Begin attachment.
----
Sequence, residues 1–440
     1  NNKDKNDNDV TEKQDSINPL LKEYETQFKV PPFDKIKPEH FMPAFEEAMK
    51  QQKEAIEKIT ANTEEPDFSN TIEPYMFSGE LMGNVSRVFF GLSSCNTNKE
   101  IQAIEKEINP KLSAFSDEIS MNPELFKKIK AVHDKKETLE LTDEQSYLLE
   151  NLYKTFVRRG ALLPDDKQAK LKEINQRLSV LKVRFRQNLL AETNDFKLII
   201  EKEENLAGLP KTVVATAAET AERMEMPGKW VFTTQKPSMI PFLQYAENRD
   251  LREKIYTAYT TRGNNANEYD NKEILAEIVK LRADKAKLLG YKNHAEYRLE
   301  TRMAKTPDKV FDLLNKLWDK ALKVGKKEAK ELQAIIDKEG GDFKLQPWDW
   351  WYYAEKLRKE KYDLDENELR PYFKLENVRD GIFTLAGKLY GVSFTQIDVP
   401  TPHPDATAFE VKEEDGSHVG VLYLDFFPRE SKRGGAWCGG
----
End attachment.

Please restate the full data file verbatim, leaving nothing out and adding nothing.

Sequence, residues 1–440
     1  NNKDKNDNDV TEKQDSINPL LKEYETQFKV PPFDKIKPEH FMPAFEEAMK
    51  QQKEAIEKIT ANTEEPDFSN TIEPYMFSGE LMGNVSRVFF GLSSCNTNKE
   101  IQAIEKEINP KLSAFSDEIS MNPELFKKIK AVHDKKETLE LTDEQSYLLE
   151  NLYKTFVRRG ALLPDDKQAK LKEINQRLSV LKVRFRQNLL AETNDFKLII
   201  EKEENLAGLP KTVVATAAET AERMEMPGKW VFTTQKPSMI PFLQYAENRD
   251  LREKIYTAYT TRGNNANEYD NKEILAEIVK LRADKAKLLG YKNHAEYRLE
   301  TRMAKTPDKV FDLLNKLWDK ALKVGKKEAK ELQAIIDKEG GDFKLQPWDW
   351  WYYAEKLRKE KYDLDENELR PYFKLENVRD GIFTLAGKLY GVSFTQIDVP
   401  TPHPDATAFE VKEEDGSHVG VLYLDFFPRE SKRGGAWCGG